HTC and Microsoft signed a patent licensing deal covering HTC's Android handsets that calls for the smartphone vendor to pay Microsoft royalties on the phones.
The terms of the deal were not disclosed, nor were the specific patents and intellectual property HTC will be licensing. However, the deal is notable--as Harry McCracken of Technologizer points out--as it leaves the door open for Microsoft to target other Android handset makers such as LG, Motorola (NASDAQ: MOT) and Samsung.
Indeed, according to CNet, which cited unnamed sources, Microsoft believes Google's Android user interface and underlying operating system infringes on its intellectual property. Horacio Gutierrez, Microsoft's deputy general counsel, told CNet that the company prefers to avoid patent lawsuits, but that it has a responsibility to make sure that "competitors do not free ride on our innovations."
"We have also consistently taken a proactive approach to licensing to resolve IP infringement by other companies and have been talking with several device manufacturers to address our concerns relative to the Android mobile platform," he said.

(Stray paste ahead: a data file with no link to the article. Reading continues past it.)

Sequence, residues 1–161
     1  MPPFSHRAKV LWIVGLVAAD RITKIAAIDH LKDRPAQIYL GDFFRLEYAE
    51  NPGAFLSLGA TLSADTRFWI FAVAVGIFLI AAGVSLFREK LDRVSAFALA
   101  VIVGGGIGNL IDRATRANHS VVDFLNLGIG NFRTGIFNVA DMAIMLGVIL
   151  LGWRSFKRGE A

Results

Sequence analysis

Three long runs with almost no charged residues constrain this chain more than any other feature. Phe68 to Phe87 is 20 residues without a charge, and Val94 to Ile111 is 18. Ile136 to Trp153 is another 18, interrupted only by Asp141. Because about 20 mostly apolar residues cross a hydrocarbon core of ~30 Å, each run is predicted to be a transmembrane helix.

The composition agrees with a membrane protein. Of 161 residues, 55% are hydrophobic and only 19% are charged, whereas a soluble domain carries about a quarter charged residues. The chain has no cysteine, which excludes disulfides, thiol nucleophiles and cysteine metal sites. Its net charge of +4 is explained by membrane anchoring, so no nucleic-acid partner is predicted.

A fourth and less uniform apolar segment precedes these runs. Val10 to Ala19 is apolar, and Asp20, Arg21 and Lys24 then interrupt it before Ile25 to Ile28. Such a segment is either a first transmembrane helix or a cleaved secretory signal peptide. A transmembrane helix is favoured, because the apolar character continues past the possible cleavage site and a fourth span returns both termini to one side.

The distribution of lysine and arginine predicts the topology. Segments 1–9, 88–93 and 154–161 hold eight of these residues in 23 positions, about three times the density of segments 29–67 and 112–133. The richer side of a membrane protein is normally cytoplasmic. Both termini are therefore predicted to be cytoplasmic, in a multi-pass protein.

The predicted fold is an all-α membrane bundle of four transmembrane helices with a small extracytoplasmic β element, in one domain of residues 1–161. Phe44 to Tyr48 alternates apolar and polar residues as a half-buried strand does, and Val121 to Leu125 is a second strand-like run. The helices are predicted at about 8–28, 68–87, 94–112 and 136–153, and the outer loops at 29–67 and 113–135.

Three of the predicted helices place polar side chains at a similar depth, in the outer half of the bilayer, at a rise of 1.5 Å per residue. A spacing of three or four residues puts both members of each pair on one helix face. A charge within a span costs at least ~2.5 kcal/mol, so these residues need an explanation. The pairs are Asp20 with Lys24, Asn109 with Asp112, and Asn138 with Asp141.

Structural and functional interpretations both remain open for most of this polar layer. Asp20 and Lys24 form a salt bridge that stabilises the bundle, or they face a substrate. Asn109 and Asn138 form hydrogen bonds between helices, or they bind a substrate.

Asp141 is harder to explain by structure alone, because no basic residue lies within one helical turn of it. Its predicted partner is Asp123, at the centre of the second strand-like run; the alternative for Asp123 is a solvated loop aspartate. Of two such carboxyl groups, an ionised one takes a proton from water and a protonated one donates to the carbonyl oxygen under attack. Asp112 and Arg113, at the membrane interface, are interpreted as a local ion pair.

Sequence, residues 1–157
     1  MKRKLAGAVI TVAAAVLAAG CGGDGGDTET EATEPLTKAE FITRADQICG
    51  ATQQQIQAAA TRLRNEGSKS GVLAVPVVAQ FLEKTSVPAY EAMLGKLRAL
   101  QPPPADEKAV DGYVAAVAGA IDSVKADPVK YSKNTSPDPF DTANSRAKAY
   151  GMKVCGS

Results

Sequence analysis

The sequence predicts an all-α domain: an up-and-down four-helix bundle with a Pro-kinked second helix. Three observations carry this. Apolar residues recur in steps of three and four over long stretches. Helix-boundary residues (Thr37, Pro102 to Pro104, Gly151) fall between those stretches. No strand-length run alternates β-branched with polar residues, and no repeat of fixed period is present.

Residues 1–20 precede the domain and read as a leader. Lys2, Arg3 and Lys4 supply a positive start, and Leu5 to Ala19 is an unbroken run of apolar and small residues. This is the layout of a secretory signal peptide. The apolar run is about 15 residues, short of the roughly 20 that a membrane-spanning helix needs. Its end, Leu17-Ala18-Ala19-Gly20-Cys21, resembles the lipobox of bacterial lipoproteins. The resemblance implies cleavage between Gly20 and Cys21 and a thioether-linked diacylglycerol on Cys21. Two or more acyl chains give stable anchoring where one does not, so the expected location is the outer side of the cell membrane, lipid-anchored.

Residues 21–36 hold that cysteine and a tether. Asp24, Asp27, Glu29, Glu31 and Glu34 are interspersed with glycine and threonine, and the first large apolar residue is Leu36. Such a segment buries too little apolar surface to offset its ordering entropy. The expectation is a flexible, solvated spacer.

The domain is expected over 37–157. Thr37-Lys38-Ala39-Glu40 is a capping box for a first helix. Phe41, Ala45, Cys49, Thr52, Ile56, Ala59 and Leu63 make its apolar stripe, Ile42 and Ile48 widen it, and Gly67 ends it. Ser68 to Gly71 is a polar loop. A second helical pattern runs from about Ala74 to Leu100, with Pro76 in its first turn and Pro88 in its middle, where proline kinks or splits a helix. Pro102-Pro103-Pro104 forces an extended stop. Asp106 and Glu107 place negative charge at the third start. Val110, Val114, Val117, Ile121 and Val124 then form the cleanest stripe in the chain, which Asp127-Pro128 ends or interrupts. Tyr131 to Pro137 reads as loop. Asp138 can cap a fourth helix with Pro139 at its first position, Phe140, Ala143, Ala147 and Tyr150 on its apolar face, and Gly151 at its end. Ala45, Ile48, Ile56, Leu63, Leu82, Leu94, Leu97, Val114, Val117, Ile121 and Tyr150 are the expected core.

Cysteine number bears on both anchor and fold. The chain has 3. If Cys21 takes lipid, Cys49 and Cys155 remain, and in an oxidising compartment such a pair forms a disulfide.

That Microsoft was able to reach an agreement with HTC is not entirely surprising, considering HTC's long collaboration with Microsoft on Windows Mobile; indeed, HTC confirmed that it will have a Windows Phone 7 device out by the end of the year.
Interestingly, the deal between HTC and Microsoft comes amid HTC's separate patent battle with Apple (NASDAQ: AAPL), in which Apple is accusing HTC of infringing on its hardware and software patents for the iPhone. That lawsuit has been seen as an indirect shot at Google.
In other HTC news, the company outlined plans to increase handset shipments in the second quarter by more than 50 percent, up to 4.5 million from 3.3 million in the first quarter. HTC CFO Cheng Hui-ming told the Financial Times that the growth reflects "the growing popularity of the Android platform in Europe and the U.S."
Cheng said HTC, the world's No. 5 smartphone maker, has done well in the smartphone market because "our product refresh cycle is faster than our competitors ... if your plan was made two years before you launch your phone, then the design and pricing probably will not match the changes in the market." He said though the definition of a top-tier smartphone has changed in the market as smartphones have become more popular. A few years ago, HTC was selling devices for $349 after subsidies in the U.S. market, "but a premium phone is now $199," he said.
- see this release
- see this Cnet article
- see this Dow Jones Newswires article (sub. req.)
- see this Reuters article
- see this FT article
- see this Technologizer post
- see this Reuters article
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